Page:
Engineering Stable, efficient perovskite solar cell

This project aims to resolve a critical issue facing perovskite solar cells: their instability under actual operating conditions where cells are subjected to diurnal (day-night) cycling. Over the diurnal cycle,changes in the electrochemical potential within the cell result in the movement of mobile ionic species. As these ions move through the perovskite material—and migrate into other layers that make up the solar cell—they can cause the cell to degrade by triggering decomposition of the perovskite material; corroding the contacts; and potentially causing delamination of the cell layers. 

While it is clear that mobile ionic species cause degradation, the link between ion migration and perovskite cell stability has yet to be fully determined. Critically, the most commonly-used testing regimes do not reflect real-world operating conditions and hence do not accurately evaluate stability. This project aims to systematically and rigorously evaluate strategies to prevent cell degradation due to ionic movement and to understand and prevent the instability of perovskite solar cells under operating conditions where cells are subjected to diurnal cycling.

Durable Silicon Perovskite Tandem Photovoltaics

This project aims to improve the durability of perovskites for silicon (Si)-perovskite tandem photovoltaics for the technology to be cost effective. Silicon (Si)-perovskite tandem photovoltaics have shown huge potential in efficiency gains given the rapid increase in performance from 14% (uncertified) in 2015 to 29% (certified) in 2020, surpassing the efficiency record of single junction Si solar cells. While the market is willing to pay a premium for power generated by Si-perovskite tandem with higher efficiency, long lifetime is critical to guarantee the same or lower levelised-cost-of-energy for manufacturers to invest in tandem-cell technology.

This project consists of four work packages:

  1. chemical analyses of perovskite and Si-perovskite test structures and cells by gas chromatography in conjunction with mass spectrometry (GC-MS) to identify degradation products and thereby underlying degradation mechanisms

  2. spatial luminescence imaging and high-throughput in-situ temporal characterisation of both un-encapsulated and encapsulated perovskite and Si-perovskite test structures and cells to elucidate degradation pathways

  3. development of low cost glass-glass bonding encapsulations and electrical feedthroughs compatible with Si-perovskite tandem to eliminate degradation

  4. exploration of chemically- or phase-stable perovskite alternatives such as perovskite quantum dots (QD) for Si-perovskite tandem.

This project aims to establish measurement protocols for:

  1. gas chromatography–mass spectrometry (GC-MS)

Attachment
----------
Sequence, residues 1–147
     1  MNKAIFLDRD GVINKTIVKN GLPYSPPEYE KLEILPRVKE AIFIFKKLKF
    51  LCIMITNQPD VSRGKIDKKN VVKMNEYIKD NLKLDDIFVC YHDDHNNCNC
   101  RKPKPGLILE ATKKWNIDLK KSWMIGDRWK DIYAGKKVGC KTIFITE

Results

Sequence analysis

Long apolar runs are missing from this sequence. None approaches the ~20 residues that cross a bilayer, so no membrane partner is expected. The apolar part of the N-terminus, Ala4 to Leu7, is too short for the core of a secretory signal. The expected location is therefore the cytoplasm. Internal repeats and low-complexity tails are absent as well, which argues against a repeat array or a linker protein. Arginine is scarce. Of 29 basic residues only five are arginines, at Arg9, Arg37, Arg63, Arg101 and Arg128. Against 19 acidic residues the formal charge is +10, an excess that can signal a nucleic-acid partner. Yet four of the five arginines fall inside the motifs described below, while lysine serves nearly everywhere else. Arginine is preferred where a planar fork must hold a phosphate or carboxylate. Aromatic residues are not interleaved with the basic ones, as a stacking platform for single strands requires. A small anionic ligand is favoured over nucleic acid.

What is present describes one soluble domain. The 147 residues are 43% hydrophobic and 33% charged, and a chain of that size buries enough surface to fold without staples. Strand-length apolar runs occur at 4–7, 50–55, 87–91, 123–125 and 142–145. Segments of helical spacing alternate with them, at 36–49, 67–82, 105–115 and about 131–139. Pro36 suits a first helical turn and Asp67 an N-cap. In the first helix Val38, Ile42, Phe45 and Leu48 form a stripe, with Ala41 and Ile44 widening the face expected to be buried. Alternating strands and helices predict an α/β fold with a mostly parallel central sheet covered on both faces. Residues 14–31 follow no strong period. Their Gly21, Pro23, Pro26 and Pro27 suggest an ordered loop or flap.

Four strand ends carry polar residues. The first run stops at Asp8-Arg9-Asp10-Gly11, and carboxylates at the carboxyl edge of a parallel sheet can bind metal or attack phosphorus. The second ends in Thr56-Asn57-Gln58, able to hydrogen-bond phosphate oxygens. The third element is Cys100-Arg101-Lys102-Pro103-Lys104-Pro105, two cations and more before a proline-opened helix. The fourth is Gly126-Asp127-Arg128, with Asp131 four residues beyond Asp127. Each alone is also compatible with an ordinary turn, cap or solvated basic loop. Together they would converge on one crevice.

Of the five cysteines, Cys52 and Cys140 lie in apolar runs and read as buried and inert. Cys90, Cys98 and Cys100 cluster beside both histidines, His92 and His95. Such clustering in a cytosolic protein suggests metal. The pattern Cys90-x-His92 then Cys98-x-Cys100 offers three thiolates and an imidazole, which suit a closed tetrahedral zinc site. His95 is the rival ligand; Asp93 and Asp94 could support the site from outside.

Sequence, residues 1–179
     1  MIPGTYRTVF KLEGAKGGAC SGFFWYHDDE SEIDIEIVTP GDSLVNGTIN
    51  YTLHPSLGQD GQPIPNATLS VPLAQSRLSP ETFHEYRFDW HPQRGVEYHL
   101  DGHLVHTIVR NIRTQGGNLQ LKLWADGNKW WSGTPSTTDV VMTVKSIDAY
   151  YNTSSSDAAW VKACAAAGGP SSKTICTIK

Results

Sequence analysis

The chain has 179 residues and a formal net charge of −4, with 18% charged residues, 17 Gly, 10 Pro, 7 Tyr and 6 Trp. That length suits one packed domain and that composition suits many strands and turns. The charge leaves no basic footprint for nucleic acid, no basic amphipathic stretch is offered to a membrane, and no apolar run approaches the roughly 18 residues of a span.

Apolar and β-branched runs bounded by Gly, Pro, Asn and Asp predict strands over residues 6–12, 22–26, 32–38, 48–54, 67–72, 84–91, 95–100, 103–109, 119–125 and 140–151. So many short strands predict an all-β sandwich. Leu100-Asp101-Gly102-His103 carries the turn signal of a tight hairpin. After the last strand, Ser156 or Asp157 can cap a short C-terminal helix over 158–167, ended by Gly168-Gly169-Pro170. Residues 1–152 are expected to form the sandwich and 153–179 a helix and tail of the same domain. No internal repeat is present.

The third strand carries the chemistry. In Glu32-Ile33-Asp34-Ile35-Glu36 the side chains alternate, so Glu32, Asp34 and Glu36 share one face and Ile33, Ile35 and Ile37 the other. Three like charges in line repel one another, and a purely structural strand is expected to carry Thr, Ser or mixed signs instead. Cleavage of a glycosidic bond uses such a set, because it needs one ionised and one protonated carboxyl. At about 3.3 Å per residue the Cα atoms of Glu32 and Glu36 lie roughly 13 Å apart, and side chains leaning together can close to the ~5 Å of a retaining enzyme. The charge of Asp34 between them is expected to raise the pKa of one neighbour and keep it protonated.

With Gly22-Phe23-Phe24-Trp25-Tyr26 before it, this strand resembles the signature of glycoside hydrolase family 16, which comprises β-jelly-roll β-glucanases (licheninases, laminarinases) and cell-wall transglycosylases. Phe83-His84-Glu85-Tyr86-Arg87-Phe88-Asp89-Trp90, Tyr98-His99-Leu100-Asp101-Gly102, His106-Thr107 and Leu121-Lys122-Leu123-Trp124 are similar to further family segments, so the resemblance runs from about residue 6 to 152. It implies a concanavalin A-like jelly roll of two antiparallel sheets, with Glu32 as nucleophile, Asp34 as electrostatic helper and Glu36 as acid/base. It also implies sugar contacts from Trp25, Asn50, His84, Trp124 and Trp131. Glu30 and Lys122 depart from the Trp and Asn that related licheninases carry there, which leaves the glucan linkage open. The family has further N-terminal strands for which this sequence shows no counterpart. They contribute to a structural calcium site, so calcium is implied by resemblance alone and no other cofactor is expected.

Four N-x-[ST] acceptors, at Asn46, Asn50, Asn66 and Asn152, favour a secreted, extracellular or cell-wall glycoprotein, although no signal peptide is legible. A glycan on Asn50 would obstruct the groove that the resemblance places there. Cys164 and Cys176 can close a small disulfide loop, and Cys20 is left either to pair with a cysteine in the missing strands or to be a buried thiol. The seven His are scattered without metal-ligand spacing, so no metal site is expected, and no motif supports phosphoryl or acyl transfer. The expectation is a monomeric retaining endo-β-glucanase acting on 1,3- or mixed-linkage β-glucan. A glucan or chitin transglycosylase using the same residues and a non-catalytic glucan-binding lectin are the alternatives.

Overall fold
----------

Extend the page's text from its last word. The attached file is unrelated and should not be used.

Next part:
2. high-throughput current-voltage measurement and statistical analyses

  3. optical-bandgap, luminescent-intensity and absorptivity imaging of perovskites and Si-perovskite tandem cells at different stages of environmental stress.

The project will also increase knowledge of cell degradation mechanisms by identifying:

  1. decomposition products and reactions

  2. key drivers for electrical performance drop

  3. weak spots in cell design and encapsulation.

Finally, the project will establish research capability and capacity to maximise Si-perovskite-tandem durability by developing cell design and encapsulation strategies, such as development of polymer-free glass-glass bonding with hermetic electric feedthrough and the verification phase and optical stabilities of perovskite QD for Si-perovskite-tandem.

Stable Perovskite Modules Under Real-World Conditions

This project aims to improve the durability and reliability of perovskite solar modules under partial shading conditions.

Current perovskite modules can be highly susceptible to damage from partial shading which is a common occurrence during operation, causing permanent damage due to local heating, electrical reverse bias or current flow. There is, therefore, a need to develop strategies to address this challenge and develop partial shading tolerant perovskite modules.

The project will fabricate different perovskite cells and modules using a wide range of materials and cell structures. It will experimentally investigate their properties and performance during and after reverse biasing (due to partial shading). Sophisticated computational modelling will be employed to support the experimental work and to understand what happens inside the cells during reverse biasing. This will include understanding the relationship between material composition, cell structure and partial shading tolerance to improve performance.